Head Injury Waiver Form


A concussion is the immediate and temporary impairment of the brain to function normally following a direct hit to the head. Signs and symptoms usually occur soon after the injury but, in some cases, may be delayed.

Symptoms include the following:

  • “Pressure in the head”
  • Nausea or vomiting
  • Neck pain
  • Balance problems or dizziness
  • Blurred, double, or fuzzy vision
  • Sensitivity to light or noise
  • Feeling sluggish or slowed down
  • Feeling foggy or groggy
  • Drowsiness
  • Change in sleep patterns
  • Amnesia
  • Don’t feel right”
  • Fatigue or low energy
  • Sadness
  • Nervousness or anxiety
  • Irritability
  • More emotional
  • Confusion
  • Concentration or memory problems
  • Repeating the same question/comment
  • Headaches

Signs observed by teammates, parents, and coaches include:

  • Appears dazed
  • Vacant facial expression
  • Confused about assignment
  • Forgets plays
  • Is unsure of game, score, or opponent
  • Moves clumsily or displays incoordination
  • Answers questions slowly
  • Slurred speech
  • Shows behavior or personality changes
  • Can’t recall events prior to hit
  • Can’t recall events after hit
  • Seizures or convulsions
  • Any change in typical behavior or personality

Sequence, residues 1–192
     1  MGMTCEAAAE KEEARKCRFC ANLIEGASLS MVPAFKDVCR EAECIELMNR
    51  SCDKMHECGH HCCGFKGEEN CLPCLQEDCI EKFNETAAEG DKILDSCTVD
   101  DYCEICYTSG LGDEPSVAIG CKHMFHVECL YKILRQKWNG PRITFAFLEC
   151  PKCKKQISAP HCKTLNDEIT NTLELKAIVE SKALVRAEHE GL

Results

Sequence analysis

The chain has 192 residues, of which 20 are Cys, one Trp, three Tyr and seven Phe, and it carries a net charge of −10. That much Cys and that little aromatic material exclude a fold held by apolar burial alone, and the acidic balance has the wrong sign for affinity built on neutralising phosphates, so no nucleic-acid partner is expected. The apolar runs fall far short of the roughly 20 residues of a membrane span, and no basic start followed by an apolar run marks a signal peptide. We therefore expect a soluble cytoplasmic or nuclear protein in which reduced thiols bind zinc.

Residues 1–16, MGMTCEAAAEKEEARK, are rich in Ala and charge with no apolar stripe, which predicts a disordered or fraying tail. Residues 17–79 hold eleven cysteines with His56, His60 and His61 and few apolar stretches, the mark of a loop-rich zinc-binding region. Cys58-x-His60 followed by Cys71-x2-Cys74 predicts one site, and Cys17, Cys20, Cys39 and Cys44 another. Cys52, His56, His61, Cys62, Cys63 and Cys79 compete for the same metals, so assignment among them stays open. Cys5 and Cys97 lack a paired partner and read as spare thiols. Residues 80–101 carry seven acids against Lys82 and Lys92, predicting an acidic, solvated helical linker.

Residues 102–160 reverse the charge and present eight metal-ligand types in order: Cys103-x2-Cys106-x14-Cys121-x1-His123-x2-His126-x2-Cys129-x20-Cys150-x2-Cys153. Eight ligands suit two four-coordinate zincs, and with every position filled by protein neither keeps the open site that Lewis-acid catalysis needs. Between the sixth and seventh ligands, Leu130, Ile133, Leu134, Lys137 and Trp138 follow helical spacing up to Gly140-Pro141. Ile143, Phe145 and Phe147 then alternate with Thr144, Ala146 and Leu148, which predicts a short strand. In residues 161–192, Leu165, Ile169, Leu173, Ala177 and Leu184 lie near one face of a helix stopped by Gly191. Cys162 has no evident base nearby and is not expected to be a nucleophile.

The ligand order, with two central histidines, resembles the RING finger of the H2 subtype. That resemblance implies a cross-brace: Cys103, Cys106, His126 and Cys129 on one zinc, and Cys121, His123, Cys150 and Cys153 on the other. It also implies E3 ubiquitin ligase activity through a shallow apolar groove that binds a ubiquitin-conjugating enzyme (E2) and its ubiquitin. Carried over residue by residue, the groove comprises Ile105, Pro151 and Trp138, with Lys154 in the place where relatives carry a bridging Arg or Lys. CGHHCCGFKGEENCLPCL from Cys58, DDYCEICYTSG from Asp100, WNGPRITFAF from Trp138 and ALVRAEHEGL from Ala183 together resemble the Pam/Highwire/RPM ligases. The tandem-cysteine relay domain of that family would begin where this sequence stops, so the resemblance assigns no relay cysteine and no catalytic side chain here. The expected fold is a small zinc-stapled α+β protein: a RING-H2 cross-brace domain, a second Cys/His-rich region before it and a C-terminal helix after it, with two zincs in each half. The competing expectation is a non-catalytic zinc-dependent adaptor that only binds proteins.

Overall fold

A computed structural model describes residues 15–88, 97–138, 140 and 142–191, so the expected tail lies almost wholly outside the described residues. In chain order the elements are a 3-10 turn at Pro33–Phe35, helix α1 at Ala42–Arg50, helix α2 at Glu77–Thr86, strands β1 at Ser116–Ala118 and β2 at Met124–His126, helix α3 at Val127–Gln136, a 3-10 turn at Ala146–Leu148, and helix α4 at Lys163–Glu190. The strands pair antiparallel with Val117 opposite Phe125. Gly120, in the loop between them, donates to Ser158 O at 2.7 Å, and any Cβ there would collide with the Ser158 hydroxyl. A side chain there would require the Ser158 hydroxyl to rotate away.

• Loses consciousness

If any of the following symptoms intensify or begin after your athlete is released to you, call 911 immediately:

  • Bleeding from the nose and ears
  • Paralysis or marked weakness of limbs and facial muscles
  • Drainage of fluids from nose or ears
  • Loss of consciousness
  • Nausea and vomiting

What can happen if you keep on playing with a concussion or return to soon?

Athletes with the signs and symptoms of concussion should be removed from play immediately. Continuing to play with the signs and symptoms of a concussion leaves the young athlete especially vulnerable to greater injury. There is an increased risk of significant damage from a concussion for a period of time after that concussion occurs, particularly if the athlete suffers another concussion before completely recovering from the first one. This can lead to prolonged recovery, or even to severe brain swelling (second impact syndrome) with devastating and even fatal consequences. It is well known that adolescent or teenage athletes will often under-report symptoms of injuries. And concussions are no different. As a result, the education of administrators, coaches, parents, and students is the key to student-athlete safety.

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